The ‘Handshake’ did a great disservice to civil society. Oh my, didn’t it! During the heady days of ‘Machozi Mondays’ (so-called because of the heavy tear gas the police would bring to bear), thousands of demonstrators would pour into Nairobi streets at the command of Raila Odinga and his Opposition colleagues.
The business would be paralyzed. Sirens would scream the whole day as truckloads of riot-control police officers were brought in to counter the protesters.
Violent clashes between the two sides were the norm.
It was the practice of civil society groups to piggyback on these demos to advance their agenda of the moment.
It was a scratch-my-back-I-scratch-yours situation. A symbiosis. Raila would guarantee the availability of the troops and the artillery.
ODM’s civil society allies would craft the battle plan, the strategic demands if you like. Neither side, of course, wanted the connection to be too obvious. Yet it was there.
Even when the authorities feigned indifference, you knew the turmoil happening on the capital city’s streets had their highest attention.
Indeed, the Government eventually had to relent on reforming the IEBC, which was the focus of the ‘Machozi Mondays’ demos.
In retrospect, civil society was more like the parasite living off a host. But it worked great while it lasted.
After the ‘Handshake’ abruptly ended the relationship, the parasite has since fallen on hard times.
It has become almost inconsequential. Very voluble on Twitter, but impotent on the ground.
A week ago we saw a Law Society of Kenya platoon, led by that drama queen Nelson Havi, walk to Parliament Buildings to effect a “takeover” they had threatened following Chief Justice David Maraga’s unimplemented advisory to dissolve Parliament.
In the days past, the Opposition would have been expected, as a matter of course, to join in with their shock troops. Parliament Road would have been a sea of shouting demonstrators, many wielding rocks.
As it were, only a handful of LSK officials turned up. On hand were a couple or so policemen. They were not even armed.
The Clerk of the National Assembly, Mr. Michael Sialai, had no problem inviting the group to his office where he airily restated that Parliament was a constitutional body with its own procedures.
The team then went over to the lounge for a cup of tea, before being sent on their way. What an anti-climax!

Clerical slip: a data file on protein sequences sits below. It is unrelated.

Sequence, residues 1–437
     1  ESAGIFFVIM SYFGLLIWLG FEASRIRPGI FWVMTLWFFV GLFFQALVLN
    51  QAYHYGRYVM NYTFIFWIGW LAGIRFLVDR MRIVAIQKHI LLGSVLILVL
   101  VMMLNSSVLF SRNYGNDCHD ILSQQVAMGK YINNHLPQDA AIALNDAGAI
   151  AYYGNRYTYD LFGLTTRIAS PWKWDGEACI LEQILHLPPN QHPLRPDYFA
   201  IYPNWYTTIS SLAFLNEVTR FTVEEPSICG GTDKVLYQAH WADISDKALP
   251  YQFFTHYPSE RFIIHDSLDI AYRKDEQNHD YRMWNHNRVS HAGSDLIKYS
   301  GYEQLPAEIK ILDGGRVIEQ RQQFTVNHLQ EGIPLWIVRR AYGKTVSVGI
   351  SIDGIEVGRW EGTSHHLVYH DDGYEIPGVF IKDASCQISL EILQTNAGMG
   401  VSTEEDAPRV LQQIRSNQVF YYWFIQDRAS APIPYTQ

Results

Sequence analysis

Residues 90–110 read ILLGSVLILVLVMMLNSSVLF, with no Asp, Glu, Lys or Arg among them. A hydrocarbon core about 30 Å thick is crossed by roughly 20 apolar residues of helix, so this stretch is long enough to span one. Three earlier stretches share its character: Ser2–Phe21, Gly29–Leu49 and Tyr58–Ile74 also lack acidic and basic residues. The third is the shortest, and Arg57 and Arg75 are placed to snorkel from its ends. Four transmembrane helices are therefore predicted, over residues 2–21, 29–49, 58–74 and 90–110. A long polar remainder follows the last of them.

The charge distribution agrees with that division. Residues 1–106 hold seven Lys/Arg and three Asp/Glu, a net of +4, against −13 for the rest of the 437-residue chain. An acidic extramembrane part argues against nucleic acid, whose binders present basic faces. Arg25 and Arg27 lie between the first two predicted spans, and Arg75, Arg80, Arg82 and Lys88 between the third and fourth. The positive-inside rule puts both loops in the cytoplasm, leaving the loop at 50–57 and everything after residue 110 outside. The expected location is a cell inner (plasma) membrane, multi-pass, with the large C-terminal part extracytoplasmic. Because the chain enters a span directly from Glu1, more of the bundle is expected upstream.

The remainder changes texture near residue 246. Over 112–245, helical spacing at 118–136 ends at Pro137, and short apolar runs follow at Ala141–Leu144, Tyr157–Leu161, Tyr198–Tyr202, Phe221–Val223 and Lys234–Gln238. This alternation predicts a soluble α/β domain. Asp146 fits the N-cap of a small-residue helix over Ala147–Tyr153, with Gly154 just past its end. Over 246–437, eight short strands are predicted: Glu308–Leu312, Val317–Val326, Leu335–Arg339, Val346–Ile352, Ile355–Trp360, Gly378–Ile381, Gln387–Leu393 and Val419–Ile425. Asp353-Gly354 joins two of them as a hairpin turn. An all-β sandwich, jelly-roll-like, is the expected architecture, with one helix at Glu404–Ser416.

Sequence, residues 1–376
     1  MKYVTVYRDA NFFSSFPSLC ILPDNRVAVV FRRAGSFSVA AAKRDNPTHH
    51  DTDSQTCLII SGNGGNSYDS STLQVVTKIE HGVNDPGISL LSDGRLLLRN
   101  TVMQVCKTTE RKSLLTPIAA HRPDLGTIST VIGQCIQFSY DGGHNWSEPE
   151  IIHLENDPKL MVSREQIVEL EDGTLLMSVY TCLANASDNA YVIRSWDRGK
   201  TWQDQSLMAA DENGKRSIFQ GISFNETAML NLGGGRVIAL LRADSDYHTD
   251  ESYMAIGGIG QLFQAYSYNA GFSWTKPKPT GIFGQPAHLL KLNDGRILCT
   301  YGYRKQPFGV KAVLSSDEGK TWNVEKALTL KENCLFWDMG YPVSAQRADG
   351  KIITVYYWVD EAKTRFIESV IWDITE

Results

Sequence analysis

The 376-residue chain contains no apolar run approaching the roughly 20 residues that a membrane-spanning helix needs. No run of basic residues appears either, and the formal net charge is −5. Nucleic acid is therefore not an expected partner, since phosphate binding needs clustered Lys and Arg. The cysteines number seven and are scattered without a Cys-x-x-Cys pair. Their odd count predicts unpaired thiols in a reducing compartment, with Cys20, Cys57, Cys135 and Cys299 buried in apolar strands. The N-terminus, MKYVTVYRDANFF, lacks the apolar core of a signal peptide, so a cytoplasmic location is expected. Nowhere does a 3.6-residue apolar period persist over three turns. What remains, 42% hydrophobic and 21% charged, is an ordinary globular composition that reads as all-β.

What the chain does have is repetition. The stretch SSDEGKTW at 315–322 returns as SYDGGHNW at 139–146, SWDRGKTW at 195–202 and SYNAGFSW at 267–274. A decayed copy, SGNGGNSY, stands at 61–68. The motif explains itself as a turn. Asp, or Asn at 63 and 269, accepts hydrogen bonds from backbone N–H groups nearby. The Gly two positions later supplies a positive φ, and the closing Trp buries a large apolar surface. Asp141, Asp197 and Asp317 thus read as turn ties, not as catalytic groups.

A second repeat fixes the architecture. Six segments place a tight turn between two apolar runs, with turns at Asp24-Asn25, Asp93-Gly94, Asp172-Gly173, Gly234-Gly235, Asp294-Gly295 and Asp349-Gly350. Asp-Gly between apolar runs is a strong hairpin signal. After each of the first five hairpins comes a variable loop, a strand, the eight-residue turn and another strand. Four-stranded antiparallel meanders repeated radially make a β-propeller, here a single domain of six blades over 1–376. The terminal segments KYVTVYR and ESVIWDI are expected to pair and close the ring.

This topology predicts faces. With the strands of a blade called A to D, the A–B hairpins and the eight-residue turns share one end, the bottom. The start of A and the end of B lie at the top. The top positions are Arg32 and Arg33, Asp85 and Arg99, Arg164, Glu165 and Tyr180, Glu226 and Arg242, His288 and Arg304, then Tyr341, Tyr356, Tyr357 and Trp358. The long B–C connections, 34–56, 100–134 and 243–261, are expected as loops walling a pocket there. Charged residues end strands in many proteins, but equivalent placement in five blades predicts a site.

If the Clerk had not been wearing his Covid face mask, I bet we would have seen a cheeky smirk on his face. National Assembly Speaker Justin Muturi was not bothered to interrupt his schedule to meet the visitors.
One early afternoon some months back, I was driving on Kenyatta Avenue when I noticed a small, straggly group of youngish fellas gathered around the edge of Central Park. They couldn’t have been more than two dozen. They looked like protesters; they had some placards they were holding, rather listlessly.
I couldn’t quite make out which civil society group they belonged to, or what cause they were on about. People busy with other things were passing them by without giving them a second glance.
There was not a single baton-wielding policeman in sight. It is the presence of these law-and-order enforcers that affirms that a demonstration has gained the status of seriousness.
Their absence means you are of zero consequence. That’s a serious assault to the ego. The great bitterness towards Raila and the ‘Handshake’’ exhibited by the militant wing of civil society should be understood in this context.
His withdrawal from the barricades has been like the denial of oxygen to the lungs. Or the fuel civil society needs to make an impact. In an instant, the ‘Handshake’ messed up careers. Peeved activists now hiss that the ‘Handshake’ was a ‘Handcheque’.
We have yet to see them display their street credentials in Nairobi. Your guess is as good as mine whether they can marshal the kind of demonstrations the Opposition used to organize. Sure, Deputy President William Ruto has been attracting disgruntled civil society activists to his corner like moths to a bulb.
Maybe they have fallen in love with wheelbarrows. Still, these journeymen know what it means to have the street chops of Raila. The DP certainly won’t be leading any street protests any time soon. The demographics of Nairobi don’t favor him. This contrasts with Raila who, through a single word, will bring out Kibra and fill Uhuru Park to capacity.
Imagine a foreign dignitary dropping by to gauge the prevailing mood in the country. Say, a guy like US Secretary of State Mike Pompeo.
It is customary after they meet with government honchos they schedule a session with leaders of the Opposition.
Who would Pompeo meet as the alternative voice to the Governments? Raila? Nah, unless he meets him as the backup voice to that of officialdom.
Ruto? That’s more plausible if the visiting bigwig wants to hear the current opposition vibe. Do you begin to see the absurdity of our situation?
A State where the DP has morphed into being the active opposition to the Government he sits in? Well, well, well.
As Kenyans gear up for a long and bitterly contentious 2022 presidential election, their message to religious leaders and institutions couldn’t be clearer: Keep out.
Politicians have simply taken away the pulpit from the clergy that seems just very happy with the status quo. Turn to the TV news each Sunday evening and the script is the same, only different cast and different stages.
Politicians use the hallowed pulpits to hurl insults at each other and our pastors are doing nothing to stop the rot.
If our pastors were careful to read their bibles, they might have stumbled on the story of Moses and the burning bush, where God told Moses to remove his sandals for where he was standing was holy.
Deputy President William Ruto is among leaders who have perfected the art of using pulpits to take his messages directly to the people
The common entry point is through fundraisers. The purpose is to conduct political campaigns. These are no longer done covertly. They are carried out quite brazenly.